Lydia Ko praised for normalising periods in sport after revealing back treatment was because she was menstruating
Posted On May 5, 2022
One of the top ranking golfers in the world is being praised for openly discussing how her period impacts her performance.
- Female athletes have rarely discussed in public how their periods have impacted them
- Menstruation is part of the monthly cycle where the uterus, or womb, sheds its lining
- In addition to bleeding, it can also cause cramps, bloating, fatigue, nauseau and bowel issues
Lydia Ko revealed in a live TV interview during the Palos Verdes Championship that she was battling a bad back because she was menstruating.
Her honest comment left Golf Channel commentator Jerry Foltz — who asked if she was concerned following her on-course physical therapy — speechless.
“It’s that time of the month — I know the ladies watching are probably like ‘yeah I got you’,” Ko said.
“When that happens, my back gets really tight and I’m all twisted and it’s not the first time [the physical therapist] Chris has seen me twisted, but it felt a lot better after he came.
“So yeah, there you go.”
When Foltz didn’t respond, Ko said: “I know you’re lost for words Jerry.”
The New Zealand golfer, who tied for third place in the tournament, later posted the video to her Instagram account with the caption: “FACTS. Fun way to cap off the West coast swing! Can’t wait to be back.”
Foltz said the interview, which has gone viral, was a “priceless moment”.
“She was real and I was caught off guard,” he said.
Ko has been praised for normalising menstruation, which is rarely addressed in sport.
“Absolutely love this. I’m on that same schedule and felt like an absolute noodle last week. Glad Lydia finally had an honest take on it. Impressive how well she played considering,” German golfer Sophia Popov tweeted.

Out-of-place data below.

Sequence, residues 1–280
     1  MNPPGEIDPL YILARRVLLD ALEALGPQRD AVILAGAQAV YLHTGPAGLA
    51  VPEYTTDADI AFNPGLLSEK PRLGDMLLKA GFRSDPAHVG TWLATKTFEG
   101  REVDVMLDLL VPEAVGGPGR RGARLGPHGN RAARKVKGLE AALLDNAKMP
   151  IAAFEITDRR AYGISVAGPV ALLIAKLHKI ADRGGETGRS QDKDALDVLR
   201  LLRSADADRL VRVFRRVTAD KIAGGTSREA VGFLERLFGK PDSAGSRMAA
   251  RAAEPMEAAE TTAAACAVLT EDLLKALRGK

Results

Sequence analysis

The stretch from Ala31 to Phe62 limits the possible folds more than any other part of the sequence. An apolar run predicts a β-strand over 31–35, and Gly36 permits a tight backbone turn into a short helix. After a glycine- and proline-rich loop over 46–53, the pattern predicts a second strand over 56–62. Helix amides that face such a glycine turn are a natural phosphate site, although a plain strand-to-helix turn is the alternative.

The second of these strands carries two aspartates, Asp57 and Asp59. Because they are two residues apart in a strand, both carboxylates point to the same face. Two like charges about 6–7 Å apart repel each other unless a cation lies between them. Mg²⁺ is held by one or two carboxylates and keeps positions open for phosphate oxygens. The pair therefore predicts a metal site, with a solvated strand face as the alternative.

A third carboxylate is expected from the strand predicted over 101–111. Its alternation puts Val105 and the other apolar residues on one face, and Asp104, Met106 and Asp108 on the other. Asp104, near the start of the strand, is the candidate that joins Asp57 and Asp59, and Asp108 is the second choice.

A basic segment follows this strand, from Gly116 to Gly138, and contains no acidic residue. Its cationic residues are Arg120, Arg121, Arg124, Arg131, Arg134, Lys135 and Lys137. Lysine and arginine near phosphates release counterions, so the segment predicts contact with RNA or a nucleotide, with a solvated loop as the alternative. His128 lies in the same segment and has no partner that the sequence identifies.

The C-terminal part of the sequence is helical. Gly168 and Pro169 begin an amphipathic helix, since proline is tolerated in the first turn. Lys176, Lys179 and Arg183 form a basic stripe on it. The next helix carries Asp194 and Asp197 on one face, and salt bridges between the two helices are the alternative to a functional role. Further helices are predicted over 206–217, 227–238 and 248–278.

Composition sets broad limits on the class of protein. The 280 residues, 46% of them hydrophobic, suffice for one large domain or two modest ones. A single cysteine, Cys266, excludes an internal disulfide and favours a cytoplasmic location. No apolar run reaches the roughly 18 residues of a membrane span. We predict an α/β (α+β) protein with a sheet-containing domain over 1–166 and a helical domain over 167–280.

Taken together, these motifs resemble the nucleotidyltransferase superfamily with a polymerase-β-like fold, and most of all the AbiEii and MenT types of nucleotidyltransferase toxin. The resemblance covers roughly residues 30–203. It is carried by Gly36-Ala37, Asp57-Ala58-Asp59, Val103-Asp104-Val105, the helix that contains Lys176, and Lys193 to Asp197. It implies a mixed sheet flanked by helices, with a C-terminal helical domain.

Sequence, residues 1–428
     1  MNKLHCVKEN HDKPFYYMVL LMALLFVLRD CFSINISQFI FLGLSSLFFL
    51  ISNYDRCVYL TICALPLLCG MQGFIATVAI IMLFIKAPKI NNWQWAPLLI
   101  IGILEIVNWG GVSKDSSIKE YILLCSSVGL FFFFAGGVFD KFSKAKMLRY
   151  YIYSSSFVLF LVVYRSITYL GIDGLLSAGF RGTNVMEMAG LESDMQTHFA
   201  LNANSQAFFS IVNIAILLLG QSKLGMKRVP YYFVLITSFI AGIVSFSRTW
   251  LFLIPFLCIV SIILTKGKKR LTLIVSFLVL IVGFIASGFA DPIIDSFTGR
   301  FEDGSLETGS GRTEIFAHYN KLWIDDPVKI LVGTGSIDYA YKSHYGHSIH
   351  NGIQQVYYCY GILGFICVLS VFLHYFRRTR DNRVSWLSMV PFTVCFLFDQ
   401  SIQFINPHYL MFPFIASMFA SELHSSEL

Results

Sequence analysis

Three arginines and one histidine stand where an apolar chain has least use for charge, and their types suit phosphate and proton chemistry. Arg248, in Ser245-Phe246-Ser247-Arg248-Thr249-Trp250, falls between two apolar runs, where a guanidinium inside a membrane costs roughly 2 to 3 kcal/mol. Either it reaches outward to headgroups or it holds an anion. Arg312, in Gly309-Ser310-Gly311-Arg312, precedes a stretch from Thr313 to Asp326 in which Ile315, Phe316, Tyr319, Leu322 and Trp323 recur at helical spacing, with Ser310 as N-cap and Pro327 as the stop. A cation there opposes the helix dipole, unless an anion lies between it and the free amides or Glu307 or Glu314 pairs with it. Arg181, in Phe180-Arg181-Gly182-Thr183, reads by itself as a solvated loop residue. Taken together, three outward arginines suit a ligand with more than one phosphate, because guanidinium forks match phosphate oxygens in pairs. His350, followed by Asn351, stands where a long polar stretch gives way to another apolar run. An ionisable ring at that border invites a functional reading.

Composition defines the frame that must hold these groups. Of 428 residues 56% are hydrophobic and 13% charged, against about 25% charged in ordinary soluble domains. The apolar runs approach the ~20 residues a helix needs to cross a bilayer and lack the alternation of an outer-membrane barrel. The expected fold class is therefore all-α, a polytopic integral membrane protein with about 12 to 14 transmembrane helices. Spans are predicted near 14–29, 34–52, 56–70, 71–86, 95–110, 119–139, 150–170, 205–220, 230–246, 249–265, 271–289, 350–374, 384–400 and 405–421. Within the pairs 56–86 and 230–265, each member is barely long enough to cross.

Menstruation is normal but rarely talked about
Periods present differently in every woman, and for many athletes it becomes an obstacle that affects their performance on the field.
Menstruation is part of the monthly cycle where the uterus, or womb, sheds its lining when a biological female is not pregnant.
In addition to bleeding through the vagina, menstruation can also cause cramps in the lower abdomen or back, bloating, tender breasts, headaches, diarrhea or constipation, nausea, fatigue, mood swings and difficulty sleeping.
Menstruation can last between three to eight days and the blood is collected by sanitary products such as pads, tampons or menstrual cups.
Female athletes have rarely discussed in public how their periods have impacted them.
Chinese swimmer Fu Yuanhui became the first Olympic athlete to discuss periods when she told a reporter at the 2016 Rio Games that she had not performed well due to the timing of her period.
“It’s because my period came yesterday, so I felt particularly tired. But this isn’t an excuse, I still didn’t swim well enough,” the 20-year-old told a TV reporter at the time.
Former Ireland rugby international Sophie Spence told the BBC in 2020 that more attention needed to be paid to menstruation cycles in women’s sport.
“Only females understand that as much. It is a huge thing and it comes down to more females being involved at a certain level for performances to peak even more within athletes,” Spence said.
“If you are a female in a female sport but are surrounded by men being your coaches then their understanding is a lot different because they do not experience what you are experiencing.